THESE days, they are used to heartbreak at the cathedral on the hill.
Weary Newcastle fans have seen St James’ Park become a staging point for the careers of Andy Carroll, Demba Ba and even lesser lights like Jose Enrique.
It is modern football, of course – but also a jarring reminder United’s place is no longer at the head of the Premier League’s top table.
Anger and bile at a perceived lack of loyalty have long been replaced by the sort of defiance which saw the crowd erupt in wild celebration when Papiss Cisse scored his early goal in the first game of the post-Ba era.
It takes something to shock Tyneside’s increasingly hard-bitten hordes, but news of Fabricio Coloccini’s desire to depart has done just that. After all that they have been through together, the sense of rejection is palpable.
No wonder they are feeling so raw. Coloccini is the talisman, the leader of a new generation. His exit would cut right to the heart of Newcastle United.
When Newcastle needed a leader in the wake of the summer revolution which saw Kevin Nolan dethroned as the leader of the influential players’ committee, Coloccini quickly emerged as Pardew’s ideal candidate.
Others saw the appeal of firebrand midfielder Cheick Tiote or the tub-thumping Steven Taylor, but Coloccini looked to the manager like the perfect fit.
He was not a typically British captain but he stood for honesty, integrity and professionalism – and, of course, he was exceptionally talented.
He also represented the values which would underpin Pardew’s re-imagining of Newcastle. A cosmopolitan dressing room needed someone who could sympathise with those re-settling on Tyneside – and he brought democracy to the role.
Players out on the fringes of the first team no longer felt cowed by the presence of established British names.
That is not to say he was a pushover. Coloccini was the first to confront Joey Barton over the infamous Elland Road Tweets which so undermined Newcastle’s preparations for the start of last season, a show of strength which impressed both Pardew and the hierarchy.
Coloccini represented the ‘new Newcastle’ United’s key power brokers were trying to construct and for that reason they were prepared to be flexible in their contract negotiations with him last season.
This was a board which brokered no negotiation with Nolan, yet they were prepared to acquiesce to Coloccini’s concerns about ambition and length-of-contract.
To give a 29-year-old a four-and-a-half year contract was something remarkable and represented a ringing endorsement of their Cordoba general’s conduct on and off the field.
What changed? A personal issue whch is pressing has played its part. There is no reason to doubt the validity of his claims a family crisis is behind his shock decision to seek a move home.
Coloccini is no Demba Ba, who employed a team of agents to find him the most lucrative move almost as soon as he got his feet under the table at St James’ Park.
He gives 25% of his wages to charities back home and funds his own children’s foundation in Cordoba.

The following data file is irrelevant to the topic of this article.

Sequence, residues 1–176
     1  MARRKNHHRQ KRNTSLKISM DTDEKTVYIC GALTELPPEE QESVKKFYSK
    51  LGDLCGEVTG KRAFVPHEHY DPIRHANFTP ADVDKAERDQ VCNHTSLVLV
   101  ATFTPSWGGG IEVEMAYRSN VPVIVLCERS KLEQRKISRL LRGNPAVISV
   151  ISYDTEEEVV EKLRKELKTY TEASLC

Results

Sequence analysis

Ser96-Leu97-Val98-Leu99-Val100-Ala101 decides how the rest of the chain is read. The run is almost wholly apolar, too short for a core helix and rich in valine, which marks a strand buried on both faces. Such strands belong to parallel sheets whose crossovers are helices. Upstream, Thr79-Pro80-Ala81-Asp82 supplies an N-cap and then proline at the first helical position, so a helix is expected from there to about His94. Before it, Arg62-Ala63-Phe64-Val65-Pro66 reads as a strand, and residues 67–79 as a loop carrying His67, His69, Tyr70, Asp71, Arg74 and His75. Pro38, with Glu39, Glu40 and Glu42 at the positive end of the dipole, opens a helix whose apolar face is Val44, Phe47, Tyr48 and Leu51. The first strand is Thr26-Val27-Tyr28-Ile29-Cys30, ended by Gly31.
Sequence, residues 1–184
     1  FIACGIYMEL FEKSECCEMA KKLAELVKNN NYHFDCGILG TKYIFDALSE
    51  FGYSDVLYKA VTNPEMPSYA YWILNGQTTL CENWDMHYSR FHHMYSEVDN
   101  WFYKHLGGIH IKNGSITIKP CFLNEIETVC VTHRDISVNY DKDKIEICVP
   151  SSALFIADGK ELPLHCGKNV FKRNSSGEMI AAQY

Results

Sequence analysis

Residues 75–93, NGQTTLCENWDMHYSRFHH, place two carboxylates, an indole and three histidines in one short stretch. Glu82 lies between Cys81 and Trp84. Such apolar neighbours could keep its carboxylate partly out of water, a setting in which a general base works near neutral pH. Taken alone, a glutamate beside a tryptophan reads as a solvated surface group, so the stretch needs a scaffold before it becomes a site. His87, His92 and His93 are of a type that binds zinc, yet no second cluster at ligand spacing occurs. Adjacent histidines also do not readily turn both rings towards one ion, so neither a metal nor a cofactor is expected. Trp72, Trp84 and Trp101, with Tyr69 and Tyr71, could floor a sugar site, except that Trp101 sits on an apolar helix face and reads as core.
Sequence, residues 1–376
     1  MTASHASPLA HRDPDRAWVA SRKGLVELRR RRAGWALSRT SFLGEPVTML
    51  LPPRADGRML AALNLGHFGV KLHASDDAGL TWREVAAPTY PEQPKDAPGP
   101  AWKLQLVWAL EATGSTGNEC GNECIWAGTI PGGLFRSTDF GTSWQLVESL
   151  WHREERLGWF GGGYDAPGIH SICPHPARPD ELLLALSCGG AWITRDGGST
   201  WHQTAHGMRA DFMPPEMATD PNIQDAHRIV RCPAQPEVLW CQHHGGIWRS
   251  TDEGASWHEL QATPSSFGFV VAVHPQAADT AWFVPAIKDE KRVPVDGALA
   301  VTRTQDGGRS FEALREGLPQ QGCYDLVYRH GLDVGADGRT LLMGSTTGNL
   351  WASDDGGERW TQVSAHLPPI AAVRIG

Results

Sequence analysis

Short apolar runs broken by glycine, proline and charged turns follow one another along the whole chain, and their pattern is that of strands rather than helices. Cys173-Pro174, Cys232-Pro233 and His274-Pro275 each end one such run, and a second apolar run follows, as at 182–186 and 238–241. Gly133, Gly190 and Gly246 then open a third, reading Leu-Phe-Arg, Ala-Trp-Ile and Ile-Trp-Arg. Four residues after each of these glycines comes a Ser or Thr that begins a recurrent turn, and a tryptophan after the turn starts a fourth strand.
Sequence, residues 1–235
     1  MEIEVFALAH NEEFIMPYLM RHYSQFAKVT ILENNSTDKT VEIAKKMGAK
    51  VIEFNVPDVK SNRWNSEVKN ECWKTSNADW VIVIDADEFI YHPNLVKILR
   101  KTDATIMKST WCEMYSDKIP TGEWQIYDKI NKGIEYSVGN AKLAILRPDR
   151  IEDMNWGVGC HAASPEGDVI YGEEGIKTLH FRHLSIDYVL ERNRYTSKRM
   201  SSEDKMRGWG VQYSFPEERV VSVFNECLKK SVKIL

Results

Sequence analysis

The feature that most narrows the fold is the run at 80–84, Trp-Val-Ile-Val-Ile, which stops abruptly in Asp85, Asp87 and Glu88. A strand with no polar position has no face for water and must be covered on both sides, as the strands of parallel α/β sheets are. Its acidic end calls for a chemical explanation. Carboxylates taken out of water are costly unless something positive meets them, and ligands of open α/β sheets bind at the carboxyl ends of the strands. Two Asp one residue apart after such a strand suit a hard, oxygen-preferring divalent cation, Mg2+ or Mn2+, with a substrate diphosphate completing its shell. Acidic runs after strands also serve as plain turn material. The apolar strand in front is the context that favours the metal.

When The Journal ran a wide-ranging interview about the Mama Sylvia Foundation, he asked for copies to send home.
United, though, have been understanding to their captain too.
The four-and-a-half year contract which was painstakingly negotiated a year ago represents a commitment unlike anything they have issued before – and Coloccini must honour it.
The least he owes the club is to thrash out an exit strategy which doesn’t inflict a mortal blow on their hopes of retaining their Premier League status.
He is a smart man who has been hurt by the club’s defensive problems – and he must recognise these will increase ten-fold if he departs.
United will be aware of the worrying parallels with their 2009 season – when Shay Given requested a transfer on the eve of the January transfer window.
Given was a gentleman, too. He had stuck with Newcastle through thick and thin, but the way the club was being administered, plus an eye-watering offer whch guaranteed financial security for him and his family, pushed him to the edge. Newcastle tried to persuade him to stay, too – unsuccessfully.
With a more than adequate replacement in Steve Harper, it is worth pointing out United did not go down that year because they lost Given.
However, it represented a deeper malaise at the club such a reasonable character would be agitating for the exit.
United insiders are adamant the Coloccini news is not an indication of disaffection in the dressing room.
The disagreement Pardew alluded to the other week was nothing more serious than a challenge to him to show a bit more leadership.
Still, there is a pressing need for United’s power brokers to re-assume control of a situation spiraling desperately out of control.
The mistakes of the summer – when lack of ambition and flexibility in their recruitment process strangled any hopes of progress – are cutting hard.
To lose a top scorer in a transfer window is bad enough, but to leak a captain and talisman is nothing short of disastrous. Given they looked two or three players short of having a competitive squad before the window opened, the need for reinforcements has gone from pressing to urgent.